Content on this page requires a newer version of Adobe Flash Player.

Get Adobe Flash player

Agri-commodities have been the strongest performers in the last six months with the DJ-UBS Sector Index up nearly 40% this year. Weather disruptions to supply and higher global demand have fueled the prices of cotton, wheat, coffee, corn and soybean.

As China battles food inflation, agri-commodities are seen as a natural hedge. However, after a tearing run, the rally might be a little more selective in the year ahead.

Corn and soybean are emerging as favorites for 2011. "U.S. corn supplies have tightened materially on lowered yields, while stocks remain very tight and ethanol production has set multiple record highs. Concerns have surfaced about the effect of La Nina on Southern Hemisphere crops, while China has stayed a net importer of corn in the past five months," Barclays Capital wrote in a commodity outlook.

Darin Newsom, senior commodities analyst at DTN Securities says he likes soybean and that the crop should benefit from strong demand from China. An acreage battle could emerge in the U.S. as farmers cater to rising demand for corn and soybean and a tight supply situation could emerge.

Newsom tends to favor agri-commodities that are benefiting from strengthening demand trends rather than short supply situations as a harvest can quickly change the supply outlook.

Cotton, which remains 2010's top performing commodity with its nearly 90% rise in prices, is currently facing a tight supply situation so prices could remain strong in the first half of 2011. But Newsom expects that the supply situation will probably be rectified in subsequent harvests as farmers in India grow more cotton to benefit from prices.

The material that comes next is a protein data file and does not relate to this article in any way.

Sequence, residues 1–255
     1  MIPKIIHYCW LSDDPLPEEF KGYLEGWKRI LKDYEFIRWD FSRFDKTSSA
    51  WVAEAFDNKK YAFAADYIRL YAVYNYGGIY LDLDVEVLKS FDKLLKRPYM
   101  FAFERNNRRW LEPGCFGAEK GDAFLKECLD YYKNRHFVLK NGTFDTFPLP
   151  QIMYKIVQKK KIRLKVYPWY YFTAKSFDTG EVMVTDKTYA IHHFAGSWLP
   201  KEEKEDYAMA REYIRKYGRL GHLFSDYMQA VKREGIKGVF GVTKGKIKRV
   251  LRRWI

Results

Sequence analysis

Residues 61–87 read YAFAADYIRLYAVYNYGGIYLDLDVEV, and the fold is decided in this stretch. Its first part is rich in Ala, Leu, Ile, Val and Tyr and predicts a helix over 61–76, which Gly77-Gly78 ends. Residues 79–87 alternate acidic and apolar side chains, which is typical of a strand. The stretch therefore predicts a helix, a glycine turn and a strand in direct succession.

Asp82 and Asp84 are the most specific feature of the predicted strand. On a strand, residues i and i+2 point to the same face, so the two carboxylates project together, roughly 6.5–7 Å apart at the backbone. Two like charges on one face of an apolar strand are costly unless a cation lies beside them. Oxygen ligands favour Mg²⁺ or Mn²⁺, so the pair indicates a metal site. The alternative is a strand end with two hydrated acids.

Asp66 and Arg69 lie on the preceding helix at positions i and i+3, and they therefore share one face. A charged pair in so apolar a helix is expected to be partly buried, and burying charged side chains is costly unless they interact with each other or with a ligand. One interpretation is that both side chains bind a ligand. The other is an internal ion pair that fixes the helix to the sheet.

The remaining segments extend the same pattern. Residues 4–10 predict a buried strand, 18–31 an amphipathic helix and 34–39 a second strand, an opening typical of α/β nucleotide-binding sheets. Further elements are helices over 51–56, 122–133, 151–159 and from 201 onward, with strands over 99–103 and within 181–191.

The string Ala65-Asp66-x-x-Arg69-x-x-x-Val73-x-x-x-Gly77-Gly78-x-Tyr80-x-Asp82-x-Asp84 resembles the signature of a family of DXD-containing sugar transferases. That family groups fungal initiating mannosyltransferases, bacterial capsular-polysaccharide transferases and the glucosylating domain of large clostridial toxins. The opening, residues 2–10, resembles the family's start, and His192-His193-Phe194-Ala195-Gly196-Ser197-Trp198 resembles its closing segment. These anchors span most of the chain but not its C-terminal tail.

How to Trade: ETFs might present the best way to trade agri-commodities as agri stocks tend to be ruled by multiple factors besides commodity prices. There are several broad-based ETFs that provide exposure to a range of agri-commodities. The PowerShares DB Agriculture Fund ( DBA) is one fund that offers broad exposure to a range of commodities. Dailey of Team Asset Management recommends the Elements Rogers Commodity Index ( RJA).

The iPath Dow Jones UBS Agriculture ETF ( JJA) offers exposure to seven commodities including soybean, corn, wheat, soybean oil, coffee, cotton and sugar.

There is also a single corn-based ETF, the Teucrium Corn Fund which invests in corn future swaps.

Investors looking for indirect exposure may consider fertilizer stocks like Potash ( POT) or the Market Vectors Agribusiness ETF ( MOO) as rising farmer incomes is likely to benefit companies in the agri business.

-- Written by Shanthi Bharatwaj in New York

>To contact the writer of this article, click here: Shanthi Bharatwaj.

>To follow the writer on Twitter, go to

>To submit a news tip, send an email to:
Disclosure: TheStreet's editorial policy prohibits staff editors and reporters from holding positions in any individual stocks.

If you liked this article you might like

These Stocks Pay You to Own Them

Dow, S&P 500 Set New Records as Fed Moves to Unwind Balance Sheet

Stocks In Negative Territory as Chances for December Hike Surge

Energy Stocks Lead a Neutral Market Even After Oil Inventories Spike

Energy Takes a Backseat as Crude Oil Stabilizes Under $50